Semaglutide (and other drugs like it that imitate the intestinal hormone GLP-1 (Glucagon-like peptide-1)) has been hailed as the holy grail, the gastric-bypass in a pill, the final and total cure…. of obesity. The only slight drawback is that it costs upward from $2000 a month and you would have to take it forever. That is quickly more expensive than gastric bypass.
GLP-1 simulators do a lot of things many of which could aid in weight loss, like slowing down stomach emptying and promoting satiety in your brain that reduces food and water intake. But it conversely increases insulin manufacture and secretion which should cause weight gain. Two very prominent side effects of GLP-1 type drugs are nausea and vomiting and to my lame way of thinking that may be how it causes weight loss since slight nausea could also be called decreased appetite which is the claim to fame of this breakthrough class of anti-obesity drugs.
Seems like causing ever-so-slight nausea should be an easy cheap thing to do. Hunger, appetite, satiety, and nausea happen in the brain like those other impossible to define things like happiness, self esteem and no dignity. An article that reviews new discoveries about how the brain causes hunger (1) is in the same issue of The New England Journal of Medicine as the basis of my last column about salt.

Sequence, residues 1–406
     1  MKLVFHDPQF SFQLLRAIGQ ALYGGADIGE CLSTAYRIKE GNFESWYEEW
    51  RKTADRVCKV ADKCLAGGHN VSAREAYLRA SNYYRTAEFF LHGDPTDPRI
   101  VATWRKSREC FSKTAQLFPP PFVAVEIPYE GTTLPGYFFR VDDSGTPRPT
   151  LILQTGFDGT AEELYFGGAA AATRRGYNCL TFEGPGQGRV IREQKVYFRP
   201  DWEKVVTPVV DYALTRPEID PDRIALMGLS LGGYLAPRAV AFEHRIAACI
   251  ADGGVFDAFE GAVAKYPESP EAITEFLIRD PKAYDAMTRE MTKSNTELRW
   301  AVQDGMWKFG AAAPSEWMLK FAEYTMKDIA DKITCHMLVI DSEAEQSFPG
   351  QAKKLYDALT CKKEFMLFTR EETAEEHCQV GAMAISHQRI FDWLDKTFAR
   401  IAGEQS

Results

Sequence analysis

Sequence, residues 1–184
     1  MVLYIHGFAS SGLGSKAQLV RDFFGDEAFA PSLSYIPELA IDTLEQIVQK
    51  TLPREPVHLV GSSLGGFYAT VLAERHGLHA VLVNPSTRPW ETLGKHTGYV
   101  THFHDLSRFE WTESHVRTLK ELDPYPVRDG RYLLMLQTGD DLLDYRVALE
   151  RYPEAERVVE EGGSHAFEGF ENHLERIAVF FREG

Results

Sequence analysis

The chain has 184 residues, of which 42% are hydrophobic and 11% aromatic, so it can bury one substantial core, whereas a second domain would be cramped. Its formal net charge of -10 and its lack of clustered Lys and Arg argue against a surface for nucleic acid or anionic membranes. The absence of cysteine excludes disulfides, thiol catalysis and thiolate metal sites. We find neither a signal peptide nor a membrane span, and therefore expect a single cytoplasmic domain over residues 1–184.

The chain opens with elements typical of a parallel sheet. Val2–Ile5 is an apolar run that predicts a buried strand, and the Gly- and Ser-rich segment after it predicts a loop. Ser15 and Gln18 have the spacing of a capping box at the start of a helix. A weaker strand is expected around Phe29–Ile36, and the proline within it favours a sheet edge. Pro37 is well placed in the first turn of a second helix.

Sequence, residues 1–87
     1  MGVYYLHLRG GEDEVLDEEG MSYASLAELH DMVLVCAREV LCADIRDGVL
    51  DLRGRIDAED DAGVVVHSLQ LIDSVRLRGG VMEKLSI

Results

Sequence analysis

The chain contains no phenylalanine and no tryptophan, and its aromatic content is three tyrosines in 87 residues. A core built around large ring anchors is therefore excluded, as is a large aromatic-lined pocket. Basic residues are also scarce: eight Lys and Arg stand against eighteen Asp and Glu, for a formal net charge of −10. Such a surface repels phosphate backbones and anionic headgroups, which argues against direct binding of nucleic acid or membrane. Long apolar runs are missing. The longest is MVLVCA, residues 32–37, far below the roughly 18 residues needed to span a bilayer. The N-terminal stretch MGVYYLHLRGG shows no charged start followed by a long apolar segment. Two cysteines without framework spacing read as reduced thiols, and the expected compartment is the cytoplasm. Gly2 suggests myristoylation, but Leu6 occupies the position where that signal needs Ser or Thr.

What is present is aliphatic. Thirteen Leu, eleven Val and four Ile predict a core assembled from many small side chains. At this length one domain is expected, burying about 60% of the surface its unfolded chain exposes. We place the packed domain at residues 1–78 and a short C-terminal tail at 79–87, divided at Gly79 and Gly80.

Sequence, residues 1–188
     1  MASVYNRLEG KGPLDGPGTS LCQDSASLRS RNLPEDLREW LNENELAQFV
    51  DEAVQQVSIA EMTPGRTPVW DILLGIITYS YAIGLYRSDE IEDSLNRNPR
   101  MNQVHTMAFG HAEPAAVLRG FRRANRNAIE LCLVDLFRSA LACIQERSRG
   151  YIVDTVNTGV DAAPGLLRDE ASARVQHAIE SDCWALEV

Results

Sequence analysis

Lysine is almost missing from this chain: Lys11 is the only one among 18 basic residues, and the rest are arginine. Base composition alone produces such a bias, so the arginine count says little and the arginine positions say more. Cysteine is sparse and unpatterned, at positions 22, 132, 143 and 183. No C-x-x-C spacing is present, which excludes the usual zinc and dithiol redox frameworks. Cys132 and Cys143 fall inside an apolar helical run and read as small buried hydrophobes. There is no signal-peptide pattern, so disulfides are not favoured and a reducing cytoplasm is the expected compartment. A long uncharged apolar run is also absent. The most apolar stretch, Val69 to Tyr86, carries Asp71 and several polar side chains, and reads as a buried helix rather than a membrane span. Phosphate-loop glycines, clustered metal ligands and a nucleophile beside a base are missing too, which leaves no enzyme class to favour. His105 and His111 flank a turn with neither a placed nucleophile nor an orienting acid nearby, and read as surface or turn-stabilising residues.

The author of this report invents the word “hangry” which is the unpleasant feeling of hunger associated with a need to obtain food, like the “you’re not yourself when you’re hungry” Snickers commercial. Newly identified nerve circuits can shut off the distressing aspects of hunger and they do it quickly and can be trained the way that things usually happen in the brain. Is this the way that GLP-1 and it’s simulators work? Another new medication called cagrilintide that mimics a hormone made in the pancreas called amylin may also send messages from the guts and trigger signals in those parts of the brain. (2)
Who ever thought that obesity would be so easy to cure?
1. Betley JN. Eliminating the “hanger” from hunger. Clinical Implications of Basic Research. N Engl J Med 385;21:2005-7.
2. Lau DCW et al. Once-weekly cagrilintide for weight management in people with overweight and obesity: a multicentre, randomised, double-blind, placebo-controlled and active-controlled, dose-finding phase 2 trial. The Lancet November 16, 2021. DOI:https://doi.org/10.1016/S0140-6736(21)01751-7
John DiTraglia M.D. is a Pediatrician in Portsmouth. He can be reached by e-mail- firstname.lastname@example.org or phone-354-6605.